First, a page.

After you've chosen a feature to document or assist, ask about it in the #sig-docs Slack channel, in a weekly SIG Docs meeting, or directly on the PR filed by the feature SIG. If you're given the go-ahead, you can edit into the PR using one of the techniques described in Commit into another person's PR.

Find out about upcoming features

To find out about upcoming features, attend the weekly SIG Release meeting (see the community page for upcoming meetings) and monitor the release-specific documentation in the kubernetes/sig-release repository. Each release has a sub-directory in the /sig-release/tree/master/releases/ directory. The sub-directory contains a release schedule, a draft of the release notes, and a document listing each person on the release team.

The release schedule contains links to all other documents, meetings, meeting minutes, and milestones relating to the release. It also contains information about the goals and timeline of the release, and any special processes in place for this release. Near the bottom of the document, several release-related terms are defined.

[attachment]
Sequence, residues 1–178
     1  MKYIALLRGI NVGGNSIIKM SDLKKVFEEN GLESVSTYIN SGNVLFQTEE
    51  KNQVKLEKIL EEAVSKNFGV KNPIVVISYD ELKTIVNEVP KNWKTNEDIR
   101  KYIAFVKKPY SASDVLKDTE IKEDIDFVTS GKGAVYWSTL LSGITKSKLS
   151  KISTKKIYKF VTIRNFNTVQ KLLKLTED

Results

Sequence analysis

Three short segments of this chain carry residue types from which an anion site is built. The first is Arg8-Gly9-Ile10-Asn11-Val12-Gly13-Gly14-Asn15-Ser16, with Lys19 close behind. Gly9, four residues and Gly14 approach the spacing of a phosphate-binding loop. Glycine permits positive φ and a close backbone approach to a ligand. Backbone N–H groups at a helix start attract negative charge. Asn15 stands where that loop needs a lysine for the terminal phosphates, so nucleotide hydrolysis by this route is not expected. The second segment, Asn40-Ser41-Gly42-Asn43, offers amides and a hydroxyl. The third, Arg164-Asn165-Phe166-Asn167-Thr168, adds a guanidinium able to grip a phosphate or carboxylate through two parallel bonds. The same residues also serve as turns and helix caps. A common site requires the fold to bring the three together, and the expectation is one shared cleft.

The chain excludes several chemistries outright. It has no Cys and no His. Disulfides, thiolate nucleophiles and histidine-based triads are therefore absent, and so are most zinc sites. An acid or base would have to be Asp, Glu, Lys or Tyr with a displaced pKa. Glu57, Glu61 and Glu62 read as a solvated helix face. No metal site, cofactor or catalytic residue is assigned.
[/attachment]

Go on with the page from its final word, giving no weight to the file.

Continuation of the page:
This document also contains a link to the Feature tracking sheet, which is the official way to find out about all new features scheduled to go into the release.

The release team document lists who is responsible for each release role. If it's not clear who to talk to about a specific feature or question you have, either attend the release meeting to ask your question, or contact the release lead so that they can redirect you.

The release notes draft is a good place to find out about specific features, changes, deprecations, and more about the release. The content is not finalized until late in the release cycle, so use caution.

Feature tracking sheet